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Crop Biotech Update

Study Finds Plants Sacrifice 'Daughters' to Survive the Cold

June 28, 2017

A team of biologists from the National University of Singapore (NUS) has found that some plants selectively kill part of their roots to survive under cold weather conditions.

The team experimented on Arabidopsis roots to look at the effect of chilling temperature on root development and growth. They found that a temperature of four degree Celsius leads to DNA damage in the root stem cells of Arabidopsis, as well as their early descendants. However, only the columella stem cell daughters die preferentially, and the death of these daughter cells allows maintenance of a functional stem cell niche. Inhibition of the DNA damage response in these daughter cells prevents their death, but increases the probability that the other stem cells in the root stem cell niche will die due to the cold, leading to the plant's death.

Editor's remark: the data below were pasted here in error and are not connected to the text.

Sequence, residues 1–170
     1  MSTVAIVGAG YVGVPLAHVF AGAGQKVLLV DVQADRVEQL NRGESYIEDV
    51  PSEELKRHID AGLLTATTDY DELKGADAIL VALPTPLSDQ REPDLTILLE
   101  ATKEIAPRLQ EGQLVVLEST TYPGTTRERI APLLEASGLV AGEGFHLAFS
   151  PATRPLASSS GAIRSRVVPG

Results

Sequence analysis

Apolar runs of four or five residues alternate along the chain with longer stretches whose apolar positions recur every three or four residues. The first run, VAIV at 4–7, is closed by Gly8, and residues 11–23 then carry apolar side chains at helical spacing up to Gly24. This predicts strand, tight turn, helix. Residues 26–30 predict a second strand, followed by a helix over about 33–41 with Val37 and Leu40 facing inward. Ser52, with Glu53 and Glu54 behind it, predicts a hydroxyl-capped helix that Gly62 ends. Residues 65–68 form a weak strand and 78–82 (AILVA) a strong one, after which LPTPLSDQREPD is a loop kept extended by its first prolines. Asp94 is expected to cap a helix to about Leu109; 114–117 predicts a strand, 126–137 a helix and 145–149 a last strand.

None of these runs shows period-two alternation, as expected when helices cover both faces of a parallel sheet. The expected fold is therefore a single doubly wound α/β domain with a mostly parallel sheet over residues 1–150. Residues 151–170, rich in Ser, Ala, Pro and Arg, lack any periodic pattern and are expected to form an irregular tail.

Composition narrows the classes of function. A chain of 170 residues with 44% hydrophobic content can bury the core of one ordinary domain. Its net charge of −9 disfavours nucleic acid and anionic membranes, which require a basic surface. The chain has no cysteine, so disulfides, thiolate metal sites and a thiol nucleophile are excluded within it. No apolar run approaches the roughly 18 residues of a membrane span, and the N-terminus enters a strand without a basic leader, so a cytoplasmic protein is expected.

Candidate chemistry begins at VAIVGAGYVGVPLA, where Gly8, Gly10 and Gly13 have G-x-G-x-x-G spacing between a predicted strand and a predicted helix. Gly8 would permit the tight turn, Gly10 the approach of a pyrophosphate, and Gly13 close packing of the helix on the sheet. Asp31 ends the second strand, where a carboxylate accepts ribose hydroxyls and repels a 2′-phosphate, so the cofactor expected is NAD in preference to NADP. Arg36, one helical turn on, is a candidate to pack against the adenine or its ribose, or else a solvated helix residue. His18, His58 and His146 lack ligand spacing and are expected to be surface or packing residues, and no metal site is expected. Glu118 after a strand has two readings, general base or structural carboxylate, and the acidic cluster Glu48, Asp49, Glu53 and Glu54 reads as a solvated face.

Dr. Hong Jing Han, first author of the study, explains, "The sacrificial mechanism improves the root's ability to withstand other low temperature-related stresses. When optimal temperatures are restored, the plant stem cells can divide at a faster rate, which will in turn enhance recovery and survival of the plant."

For more details, read the NUS News.